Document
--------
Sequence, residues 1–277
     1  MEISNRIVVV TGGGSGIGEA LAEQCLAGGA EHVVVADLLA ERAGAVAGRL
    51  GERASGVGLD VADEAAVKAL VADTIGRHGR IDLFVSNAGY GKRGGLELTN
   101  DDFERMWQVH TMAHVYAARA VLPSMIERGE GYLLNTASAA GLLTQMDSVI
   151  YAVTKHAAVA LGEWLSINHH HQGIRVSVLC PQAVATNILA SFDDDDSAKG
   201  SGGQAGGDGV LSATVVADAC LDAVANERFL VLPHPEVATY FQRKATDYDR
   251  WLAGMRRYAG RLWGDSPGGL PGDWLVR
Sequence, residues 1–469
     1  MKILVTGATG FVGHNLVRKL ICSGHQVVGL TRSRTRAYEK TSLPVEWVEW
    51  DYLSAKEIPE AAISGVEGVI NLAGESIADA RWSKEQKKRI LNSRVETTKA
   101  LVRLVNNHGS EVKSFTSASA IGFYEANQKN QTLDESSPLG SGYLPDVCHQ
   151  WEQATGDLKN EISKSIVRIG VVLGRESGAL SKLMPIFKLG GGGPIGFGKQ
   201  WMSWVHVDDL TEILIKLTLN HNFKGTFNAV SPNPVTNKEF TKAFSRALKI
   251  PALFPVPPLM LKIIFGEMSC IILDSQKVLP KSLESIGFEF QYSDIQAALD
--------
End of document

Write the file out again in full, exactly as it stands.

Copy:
Sequence, residues 1–277
     1  MEISNRIVVV TGGGSGIGEA LAEQCLAGGA EHVVVADLLA ERAGAVAGRL
    51  GERASGVGLD VADEAAVKAL VADTIGRHGR IDLFVSNAGY GKRGGLELTN
   101  DDFERMWQVH TMAHVYAARA VLPSMIERGE GYLLNTASAA GLLTQMDSVI
   151  YAVTKHAAVA LGEWLSINHH HQGIRVSVLC PQAVATNILA SFDDDDSAKG
   201  SGGQAGGDGV LSATVVADAC LDAVANERFL VLPHPEVATY FQRKATDYDR
   251  WLAGMRRYAG RLWGDSPGGL PGDWLVR
Sequence, residues 1–469
     1  MKILVTGATG FVGHNLVRKL ICSGHQVVGL TRSRTRAYEK TSLPVEWVEW
    51  DYLSAKEIPE AAISGVEGVI NLAGESIADA RWSKEQKKRI LNSRVETTKA
   101  LVRLVNNHGS EVKSFTSASA IGFYEANQKN QTLDESSPLG SGYLPDVCHQ
   151  WEQATGDLKN EISKSIVRIG VVLGRESGAL SKLMPIFKLG GGGPIGFGKQ
   201  WMSWVHVDDL TEILIKLTLN HNFKGTFNAV SPNPVTNKEF TKAFSRALKI
   251  PALFPVPPLM LKIIFGEMSC IILDSQKVLP KSLESIGFEF QYSDIQAALD